Attendance. I spent 10 years teaching Gen Eds really, and in particular, when I was in Wyoming and Colorado, I was teaching nonmajors. So my classes really were designed around making the topic accessible to nonmajors. To a certain extent, the things that you would normally need to bring into the classroom like enthusiasm, and interest in the class, I actually assumed that wasn’t present. So all I needed was attendance, and I would try to do the rest. For some of the classes, an interest in topics that matter, if you’re interested in how we solve climate change from the perspective of a humanitarian organization, then I think that’s a natural fit. If you have a passing interest it helps in making you want to attend the class; but in terms of what it takes to really succeed, mere attendance. Much of my class is based on, do you show up to the simulations? Do you do the after-action reports? Do you actually do the thing, as opposed to whether I grade you on some arbitrary or subjective metric of quality? There is some of that in there, the success or failure is really about whether or not you participate, which in itself is controversial. There’s a lot of pushback among many professors that we’re moving more toward this participation trophy thing. To be honest, we know that success in college is correlated with attendance. It’s one of the clearest metrics for predicting the success of a student. So ultimately, I want people to be incentivized to show up. I try to do it by grade, but I also do it by making you want to show, and by making it fun, which goes back into that gamification and simulation stuff. That’s really the success or failure of my class.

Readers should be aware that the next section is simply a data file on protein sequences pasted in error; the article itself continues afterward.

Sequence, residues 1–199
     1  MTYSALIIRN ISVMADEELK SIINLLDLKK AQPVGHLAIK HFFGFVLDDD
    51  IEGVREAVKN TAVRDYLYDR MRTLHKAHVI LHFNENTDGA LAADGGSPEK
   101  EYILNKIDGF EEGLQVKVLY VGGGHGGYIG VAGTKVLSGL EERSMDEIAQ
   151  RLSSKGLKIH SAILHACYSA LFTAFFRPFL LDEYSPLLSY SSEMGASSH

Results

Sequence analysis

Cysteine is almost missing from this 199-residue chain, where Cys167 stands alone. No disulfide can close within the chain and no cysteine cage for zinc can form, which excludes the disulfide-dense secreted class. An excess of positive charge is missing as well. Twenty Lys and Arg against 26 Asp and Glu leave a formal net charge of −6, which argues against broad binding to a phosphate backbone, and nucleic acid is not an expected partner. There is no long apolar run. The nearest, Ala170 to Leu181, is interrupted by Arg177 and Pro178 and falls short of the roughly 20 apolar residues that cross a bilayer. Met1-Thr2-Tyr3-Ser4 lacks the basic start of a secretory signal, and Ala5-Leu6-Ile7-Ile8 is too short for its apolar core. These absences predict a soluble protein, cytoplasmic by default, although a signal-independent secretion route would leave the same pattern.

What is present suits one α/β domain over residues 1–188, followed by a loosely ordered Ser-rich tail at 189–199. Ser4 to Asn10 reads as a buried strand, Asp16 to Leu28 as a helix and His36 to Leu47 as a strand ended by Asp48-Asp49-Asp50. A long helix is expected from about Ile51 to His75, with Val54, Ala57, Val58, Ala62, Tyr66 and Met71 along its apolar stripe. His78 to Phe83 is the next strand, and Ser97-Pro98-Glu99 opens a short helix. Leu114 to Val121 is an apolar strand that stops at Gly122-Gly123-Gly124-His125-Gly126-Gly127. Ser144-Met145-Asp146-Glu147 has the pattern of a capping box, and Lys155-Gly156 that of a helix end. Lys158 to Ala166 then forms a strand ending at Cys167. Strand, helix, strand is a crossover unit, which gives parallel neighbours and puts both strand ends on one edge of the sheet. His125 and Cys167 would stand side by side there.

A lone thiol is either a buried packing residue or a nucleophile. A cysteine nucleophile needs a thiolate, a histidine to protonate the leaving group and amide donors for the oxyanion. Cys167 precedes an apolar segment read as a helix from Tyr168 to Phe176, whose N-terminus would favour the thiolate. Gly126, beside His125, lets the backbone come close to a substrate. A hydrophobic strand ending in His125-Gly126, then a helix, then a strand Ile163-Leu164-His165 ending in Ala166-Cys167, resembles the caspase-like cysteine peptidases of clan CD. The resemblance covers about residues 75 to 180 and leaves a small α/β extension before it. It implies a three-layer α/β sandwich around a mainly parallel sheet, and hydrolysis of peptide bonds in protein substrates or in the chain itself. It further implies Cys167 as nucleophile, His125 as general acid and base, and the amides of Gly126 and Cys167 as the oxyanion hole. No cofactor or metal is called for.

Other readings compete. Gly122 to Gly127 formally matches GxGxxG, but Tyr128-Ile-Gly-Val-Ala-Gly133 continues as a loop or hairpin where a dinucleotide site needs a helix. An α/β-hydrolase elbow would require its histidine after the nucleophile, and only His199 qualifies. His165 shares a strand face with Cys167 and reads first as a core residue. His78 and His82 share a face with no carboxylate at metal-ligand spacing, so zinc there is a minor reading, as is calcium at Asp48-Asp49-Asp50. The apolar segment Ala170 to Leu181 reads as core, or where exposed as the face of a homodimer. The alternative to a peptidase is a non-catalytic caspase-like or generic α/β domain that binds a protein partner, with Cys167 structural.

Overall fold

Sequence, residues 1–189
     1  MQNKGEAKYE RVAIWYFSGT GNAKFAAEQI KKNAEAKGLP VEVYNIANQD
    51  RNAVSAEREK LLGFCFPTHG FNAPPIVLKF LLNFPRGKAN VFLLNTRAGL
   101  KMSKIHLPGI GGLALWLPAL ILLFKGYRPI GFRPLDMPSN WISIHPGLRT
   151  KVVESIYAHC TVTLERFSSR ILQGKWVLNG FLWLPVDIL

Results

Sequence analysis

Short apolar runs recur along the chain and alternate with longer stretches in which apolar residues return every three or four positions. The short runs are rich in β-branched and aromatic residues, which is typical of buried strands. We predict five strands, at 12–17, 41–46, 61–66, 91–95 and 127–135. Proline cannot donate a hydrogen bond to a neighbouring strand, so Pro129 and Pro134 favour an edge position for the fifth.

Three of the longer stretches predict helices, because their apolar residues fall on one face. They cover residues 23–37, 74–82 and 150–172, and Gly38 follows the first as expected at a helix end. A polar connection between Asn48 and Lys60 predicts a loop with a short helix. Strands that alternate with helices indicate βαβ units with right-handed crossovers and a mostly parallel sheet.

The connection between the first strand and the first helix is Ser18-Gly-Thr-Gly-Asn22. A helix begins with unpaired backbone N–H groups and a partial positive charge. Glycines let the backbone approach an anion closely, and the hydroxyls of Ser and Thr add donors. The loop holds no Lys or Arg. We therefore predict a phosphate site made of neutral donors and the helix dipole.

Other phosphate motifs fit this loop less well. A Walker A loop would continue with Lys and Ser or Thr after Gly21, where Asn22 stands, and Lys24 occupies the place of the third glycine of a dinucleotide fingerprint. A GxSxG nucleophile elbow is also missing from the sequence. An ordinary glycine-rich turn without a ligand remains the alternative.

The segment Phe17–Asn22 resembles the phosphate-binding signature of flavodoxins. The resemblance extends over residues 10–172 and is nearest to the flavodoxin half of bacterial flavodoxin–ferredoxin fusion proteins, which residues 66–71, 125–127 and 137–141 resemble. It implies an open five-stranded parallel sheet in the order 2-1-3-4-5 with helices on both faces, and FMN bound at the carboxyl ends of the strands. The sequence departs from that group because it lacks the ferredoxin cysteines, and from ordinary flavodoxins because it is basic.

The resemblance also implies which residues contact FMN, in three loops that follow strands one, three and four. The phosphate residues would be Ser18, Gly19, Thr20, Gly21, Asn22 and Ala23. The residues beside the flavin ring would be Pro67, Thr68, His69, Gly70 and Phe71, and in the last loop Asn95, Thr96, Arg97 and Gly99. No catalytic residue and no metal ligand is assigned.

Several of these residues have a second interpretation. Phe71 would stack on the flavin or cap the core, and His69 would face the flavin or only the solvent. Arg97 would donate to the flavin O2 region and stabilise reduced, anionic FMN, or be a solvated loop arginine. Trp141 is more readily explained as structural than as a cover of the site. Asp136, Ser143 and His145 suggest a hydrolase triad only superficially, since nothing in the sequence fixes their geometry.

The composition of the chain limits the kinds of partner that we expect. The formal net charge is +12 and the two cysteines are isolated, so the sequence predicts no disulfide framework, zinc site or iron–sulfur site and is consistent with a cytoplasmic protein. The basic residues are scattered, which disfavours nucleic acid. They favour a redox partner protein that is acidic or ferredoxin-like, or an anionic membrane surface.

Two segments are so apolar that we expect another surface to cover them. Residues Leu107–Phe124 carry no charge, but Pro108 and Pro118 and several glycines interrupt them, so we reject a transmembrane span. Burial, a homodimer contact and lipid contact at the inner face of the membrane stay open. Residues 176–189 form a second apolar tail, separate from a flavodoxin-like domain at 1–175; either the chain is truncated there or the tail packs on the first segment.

Next semester Charrette will be teaching three courses all of which fall under the political science domain. PO 1025 American Government is comparable to an intro to politics course which will be driven by the Active Learning method. He describes it as a situation in which “You create a constitution and that constitution generates the first, second, and third crises that you have to solve; it’s not easy, these crises are tough, they will test you.” This means heavy on simulations which will be enjoyable for students who want to mix up their grueling course load with something new and fun. I myself got a chance to sit in on a simulation and even participate as a wealthy merchant who posed a difficult choice to students in the class. From what I gathered it seemed like a fantastic environment and students appeared to be very satisfied. In addition, he will be teaching PO 3655 American Foreign Policy and the elective PODI 1056 Humanitarianism which will fill the Past and Present Direction. Students who enjoy politics, discussion, and trying new things will love learning from Jason Charrette and taking the classes he has to offer.